Furniture Construction  

Birdseye Maple Wood Sample


Furniture Construction > Maple Wood Photo


Photos:  Maple | Cherry | Mahogany | Oak | Pine | Walnut

sample of birdseye maple wood grain
A close-up photograph of a birdseye-maple wood veneer plank focuses on this wood's unique textured effect.  Birdseye-maple can be recognized by its grain, which is distinctly different from the grains of other woods.  Run your hands over the wood, and feel its smoothness.

There are two types of maple wood used by woodworkers.

Hard maple, also known as sweet, rock, and black maple, has been used since the colonial days for furniture. Because of its durability, maple furniture is often found in antique shops today. However, maple is so hard that it can be difficult to work with and requires sharp, well-tuned tools. Maple takes stain well, particularly aniline dye stains.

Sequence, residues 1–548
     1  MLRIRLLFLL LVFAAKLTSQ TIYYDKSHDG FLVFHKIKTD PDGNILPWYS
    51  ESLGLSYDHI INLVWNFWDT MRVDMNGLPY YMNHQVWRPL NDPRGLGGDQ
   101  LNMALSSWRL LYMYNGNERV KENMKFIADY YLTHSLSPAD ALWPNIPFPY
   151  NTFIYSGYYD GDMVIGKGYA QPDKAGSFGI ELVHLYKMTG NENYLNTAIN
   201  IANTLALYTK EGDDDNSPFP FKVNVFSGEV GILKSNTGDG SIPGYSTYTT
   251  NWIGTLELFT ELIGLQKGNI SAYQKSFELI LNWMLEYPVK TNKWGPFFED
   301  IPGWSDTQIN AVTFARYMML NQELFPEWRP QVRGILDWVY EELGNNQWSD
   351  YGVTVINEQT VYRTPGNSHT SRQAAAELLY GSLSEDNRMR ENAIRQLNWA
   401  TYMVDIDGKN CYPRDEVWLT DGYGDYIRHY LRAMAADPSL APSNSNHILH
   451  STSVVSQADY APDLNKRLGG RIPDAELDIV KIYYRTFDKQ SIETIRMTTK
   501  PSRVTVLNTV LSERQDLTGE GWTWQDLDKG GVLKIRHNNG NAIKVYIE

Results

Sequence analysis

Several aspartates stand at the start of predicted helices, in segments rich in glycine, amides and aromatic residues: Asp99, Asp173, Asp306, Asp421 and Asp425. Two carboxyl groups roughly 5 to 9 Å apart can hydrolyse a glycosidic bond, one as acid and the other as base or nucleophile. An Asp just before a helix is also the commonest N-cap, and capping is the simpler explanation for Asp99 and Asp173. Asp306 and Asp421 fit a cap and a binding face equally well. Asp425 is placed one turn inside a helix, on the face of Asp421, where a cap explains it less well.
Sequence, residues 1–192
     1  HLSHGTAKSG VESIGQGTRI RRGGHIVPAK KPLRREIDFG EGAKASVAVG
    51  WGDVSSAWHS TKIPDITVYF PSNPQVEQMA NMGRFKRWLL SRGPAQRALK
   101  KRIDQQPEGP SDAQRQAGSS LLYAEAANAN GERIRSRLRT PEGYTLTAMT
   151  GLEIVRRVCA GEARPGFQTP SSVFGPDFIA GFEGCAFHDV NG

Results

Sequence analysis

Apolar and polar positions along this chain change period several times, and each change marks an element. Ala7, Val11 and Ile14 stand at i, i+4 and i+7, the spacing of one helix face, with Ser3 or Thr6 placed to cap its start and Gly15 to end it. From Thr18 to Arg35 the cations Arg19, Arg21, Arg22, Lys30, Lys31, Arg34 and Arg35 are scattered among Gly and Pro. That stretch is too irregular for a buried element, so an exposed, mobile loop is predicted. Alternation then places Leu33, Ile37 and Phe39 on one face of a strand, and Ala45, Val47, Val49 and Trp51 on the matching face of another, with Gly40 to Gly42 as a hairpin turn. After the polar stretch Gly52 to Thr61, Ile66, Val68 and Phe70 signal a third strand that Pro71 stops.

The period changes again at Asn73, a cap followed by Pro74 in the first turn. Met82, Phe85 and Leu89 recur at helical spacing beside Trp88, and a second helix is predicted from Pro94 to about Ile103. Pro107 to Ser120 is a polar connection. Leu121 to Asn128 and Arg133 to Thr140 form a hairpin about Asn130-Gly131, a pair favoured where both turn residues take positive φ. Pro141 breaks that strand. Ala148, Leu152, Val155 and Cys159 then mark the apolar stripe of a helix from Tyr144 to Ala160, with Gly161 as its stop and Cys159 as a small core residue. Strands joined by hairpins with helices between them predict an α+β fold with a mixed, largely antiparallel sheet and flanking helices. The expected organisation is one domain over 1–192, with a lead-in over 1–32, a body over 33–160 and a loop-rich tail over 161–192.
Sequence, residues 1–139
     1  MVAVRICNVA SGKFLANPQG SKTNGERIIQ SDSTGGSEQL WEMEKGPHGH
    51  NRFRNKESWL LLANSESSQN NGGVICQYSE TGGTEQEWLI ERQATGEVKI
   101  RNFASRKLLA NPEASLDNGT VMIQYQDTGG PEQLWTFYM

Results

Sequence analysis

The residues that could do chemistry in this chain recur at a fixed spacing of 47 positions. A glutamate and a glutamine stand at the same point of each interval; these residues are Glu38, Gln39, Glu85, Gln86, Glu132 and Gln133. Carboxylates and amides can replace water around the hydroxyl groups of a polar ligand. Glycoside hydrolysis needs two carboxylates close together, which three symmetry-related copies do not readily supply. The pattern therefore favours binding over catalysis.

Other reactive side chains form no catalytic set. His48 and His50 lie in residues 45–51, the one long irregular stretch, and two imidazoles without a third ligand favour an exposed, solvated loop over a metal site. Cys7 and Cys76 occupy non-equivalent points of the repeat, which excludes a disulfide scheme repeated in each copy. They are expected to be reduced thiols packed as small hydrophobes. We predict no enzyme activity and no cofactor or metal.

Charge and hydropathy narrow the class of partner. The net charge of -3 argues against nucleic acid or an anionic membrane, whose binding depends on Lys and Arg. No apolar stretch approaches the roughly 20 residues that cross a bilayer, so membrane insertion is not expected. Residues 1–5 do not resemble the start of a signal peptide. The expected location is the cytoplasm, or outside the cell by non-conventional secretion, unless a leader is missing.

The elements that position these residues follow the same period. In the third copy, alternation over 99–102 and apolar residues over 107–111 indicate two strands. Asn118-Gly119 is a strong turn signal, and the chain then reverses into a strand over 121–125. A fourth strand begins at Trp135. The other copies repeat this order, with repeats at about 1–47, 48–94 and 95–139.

Soft maple is much easier to saw, plane, drill, and shape than hard maple. Soft maple has similar properties to cherry, but it is more widely available, making it an economical choice for those looking to build attractive furniture.

Both hard and soft maple are susceptible to decay, so they are best used for interior projects such as furniture, cabinets, and millwork. Maple's lighter color takes well to a variety of stains.

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Birdseye Maple Hardwood Surface